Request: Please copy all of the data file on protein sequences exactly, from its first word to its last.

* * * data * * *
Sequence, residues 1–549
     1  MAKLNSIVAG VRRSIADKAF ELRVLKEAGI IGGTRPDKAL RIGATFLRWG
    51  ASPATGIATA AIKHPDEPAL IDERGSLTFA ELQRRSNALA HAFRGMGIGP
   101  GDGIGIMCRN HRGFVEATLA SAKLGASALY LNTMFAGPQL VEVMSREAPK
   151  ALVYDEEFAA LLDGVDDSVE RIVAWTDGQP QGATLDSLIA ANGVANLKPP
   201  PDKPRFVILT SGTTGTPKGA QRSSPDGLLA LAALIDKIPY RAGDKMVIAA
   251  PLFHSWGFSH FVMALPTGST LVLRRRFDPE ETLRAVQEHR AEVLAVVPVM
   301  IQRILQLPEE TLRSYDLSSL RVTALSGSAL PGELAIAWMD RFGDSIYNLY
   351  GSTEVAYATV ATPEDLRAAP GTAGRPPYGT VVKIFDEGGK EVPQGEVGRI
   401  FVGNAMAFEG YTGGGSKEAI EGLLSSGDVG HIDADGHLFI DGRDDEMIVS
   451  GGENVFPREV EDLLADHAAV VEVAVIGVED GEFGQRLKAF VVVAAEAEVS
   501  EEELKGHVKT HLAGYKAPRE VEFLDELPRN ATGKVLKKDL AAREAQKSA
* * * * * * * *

Sequence, residues 1–549
     1  MAKLNSIVAG VRRSIADKAF ELRVLKEAGI IGGTRPDKAL RIGATFLRWG
    51  ASPATGIATA AIKHPDEPAL IDERGSLTFA ELQRRSNALA HAFRGMGIGP
   101  GDGIGIMCRN HRGFVEATLA SAKLGASALY LNTMFAGPQL VEVMSREAPK
   151  ALVYDEEFAA LLDGVDDSVE RIVAWTDGQP QGATLDSLIA ANGVANLKPP
   201  PDKPRFVILT SGTTGTPKGA QRSSPDGLLA LAALIDKIPY RAGDKMVIAA
   251  PLFHSWGFSH FVMALPTGST LVLRRRFDPE ETLRAVQEHR AEVLAVVPVM
   301  IQRILQLPEE TLRSYDLSSL RVTALSGSAL PGELAIAWMD RFGDSIYNLY
   351  GSTEVAYATV ATPEDLRAAP GTAGRPPYGT VVKIFDEGGK EVPQGEVGRI
   401  FVGNAMAFEG YTGGGSKEAI EGLLSSGDVG HIDADGHLFI DGRDDEMIVS
   451  GGENVFPREV EDLLADHAAV VEVAVIGVED GEFGQRLKAF VVVAAEAEVS
   501  EEELKGHVKT HLAGYKAPRE VEFLDELPRN ATGKVLKKDL AAREAQKSA